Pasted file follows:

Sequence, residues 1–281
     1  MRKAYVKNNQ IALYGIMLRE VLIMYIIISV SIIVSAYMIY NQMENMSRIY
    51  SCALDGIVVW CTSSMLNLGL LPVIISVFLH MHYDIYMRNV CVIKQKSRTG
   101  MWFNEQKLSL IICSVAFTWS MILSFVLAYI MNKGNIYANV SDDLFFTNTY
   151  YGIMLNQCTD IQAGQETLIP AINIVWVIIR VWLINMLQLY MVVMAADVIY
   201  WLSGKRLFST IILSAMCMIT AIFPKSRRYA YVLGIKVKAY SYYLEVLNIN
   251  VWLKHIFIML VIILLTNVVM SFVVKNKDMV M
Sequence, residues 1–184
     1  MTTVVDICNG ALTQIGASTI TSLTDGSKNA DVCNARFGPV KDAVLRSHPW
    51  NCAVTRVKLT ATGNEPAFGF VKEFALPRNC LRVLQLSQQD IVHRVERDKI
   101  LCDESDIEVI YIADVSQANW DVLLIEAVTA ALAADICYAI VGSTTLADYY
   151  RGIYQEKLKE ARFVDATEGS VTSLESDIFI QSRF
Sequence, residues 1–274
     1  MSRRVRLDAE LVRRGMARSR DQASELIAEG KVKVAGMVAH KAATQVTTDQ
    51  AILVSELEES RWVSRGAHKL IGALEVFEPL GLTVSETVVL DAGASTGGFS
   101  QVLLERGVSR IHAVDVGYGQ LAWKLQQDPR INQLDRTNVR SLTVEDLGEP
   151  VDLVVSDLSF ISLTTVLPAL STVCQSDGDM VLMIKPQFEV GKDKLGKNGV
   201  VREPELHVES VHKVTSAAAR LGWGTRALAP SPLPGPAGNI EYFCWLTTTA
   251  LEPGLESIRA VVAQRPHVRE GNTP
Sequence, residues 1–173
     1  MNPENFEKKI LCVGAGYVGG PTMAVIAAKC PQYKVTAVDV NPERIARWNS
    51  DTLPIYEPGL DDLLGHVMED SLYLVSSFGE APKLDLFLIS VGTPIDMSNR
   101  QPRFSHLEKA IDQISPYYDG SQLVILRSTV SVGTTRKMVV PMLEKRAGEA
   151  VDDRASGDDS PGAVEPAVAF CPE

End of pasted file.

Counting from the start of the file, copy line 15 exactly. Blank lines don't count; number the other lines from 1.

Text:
    51  AILVSELEES RWVSRGAHKL IGALEVFEPL GLTVSETVVL DAGASTGGFS